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Sensors 2008, 8(2), 1157-1173;

Imaging In Mice With Fluorescent Proteins: From Macro To Subcellular

AntiCancer, Inc., 7917 Ostrow Street, San Diego, CA 92111-3604, Surgery Dept., University of California, San Diego, 200 West Arbor Dr., San Diego, CA 92103-8220, USA
Received: 15 January 2008 / Accepted: 19 February 2008 / Published: 22 February 2008
(This article belongs to the Special Issue Bioanalysis in Vivo/in Vitro)
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Whole-body imaging with fluorescent proteins has been shown to be a powerfultechnology with many applications in small animals. Brighter, red-shifted proteins can makewhole-body imaging even more sensitive due to reduced absorption by tissues and less scatter.For example, a new protein called Katushka has been isolated that is the brightest known proteinwith emission at wavelengths longer than 620 nm. This new protein offers potential for non-invasive whole-body macro imaging such as of tumor growth. For subcellular imaging, toobserve cytoplasmic and nuclear dynamics in the living mouse, cancer cells were labeled in thenucleus with green fluorescent protein and with red fluorescent protein in the cytoplasm. Thenuclear and cytoplasmic behavior of cancer cells in real time in blood vessels was imaged as theytrafficked by various means or adhered to the vessel surface in the abdominal skin flap. Duringextravasation, real-time dual-color imaging showed that cytoplasmic processes of the cancer cellsexited the vessels first, with nuclei following along the cytoplasmic projections. Both cytoplasmand nuclei underwent deformation during extravasation. Cancer cells trafficking in lymphaticvessels was also imaged. To noninvasively image cancer cell/stromal cell interaction in the tumormicroenvironment as well as drug response at the cellular level in live animals in real time, wedeveloped a new imageable three-color animal model. The model consists of GFP-expressingmice transplanted with the dual-color cancer cells. With the dual-color cancer cells and a highlysensitive small animal imaging system, subcellular dynamics can now be observed in live mice inreal time. Fluorescent proteins thus enable both macro and micro imaging technology and thereby provide the basis for the new field of in vivo cell biology. View Full-Text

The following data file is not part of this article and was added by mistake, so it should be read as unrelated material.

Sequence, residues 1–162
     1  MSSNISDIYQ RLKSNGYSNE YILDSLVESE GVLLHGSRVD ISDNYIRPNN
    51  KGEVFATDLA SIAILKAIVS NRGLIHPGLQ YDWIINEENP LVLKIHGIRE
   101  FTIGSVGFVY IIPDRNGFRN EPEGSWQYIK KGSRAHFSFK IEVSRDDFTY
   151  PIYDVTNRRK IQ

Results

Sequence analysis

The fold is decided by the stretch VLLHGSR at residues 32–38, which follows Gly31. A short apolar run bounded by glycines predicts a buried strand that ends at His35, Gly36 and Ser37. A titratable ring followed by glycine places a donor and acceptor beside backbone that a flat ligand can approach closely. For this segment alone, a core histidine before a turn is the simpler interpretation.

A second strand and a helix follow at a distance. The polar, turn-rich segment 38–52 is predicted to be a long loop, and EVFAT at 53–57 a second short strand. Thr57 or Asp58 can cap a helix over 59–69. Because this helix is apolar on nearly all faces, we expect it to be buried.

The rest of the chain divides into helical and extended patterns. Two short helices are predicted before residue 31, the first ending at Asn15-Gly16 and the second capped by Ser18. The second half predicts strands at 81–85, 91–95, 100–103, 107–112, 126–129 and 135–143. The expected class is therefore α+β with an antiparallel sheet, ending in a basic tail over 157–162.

Keywords: green fluorescent protein; red fluorescent protein; cancer cells; mice; whole-body imaging; in vivo cellular imaging; cellular dynamics green fluorescent protein; red fluorescent protein; cancer cells; mice; whole-body imaging; in vivo cellular imaging; cellular dynamics
This is an open access article distributed under the Creative Commons Attribution License (CC BY 3.0).

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Hoffman, R.M. Imaging In Mice With Fluorescent Proteins: From Macro To Subcellular. Sensors 2008, 8, 1157-1173.

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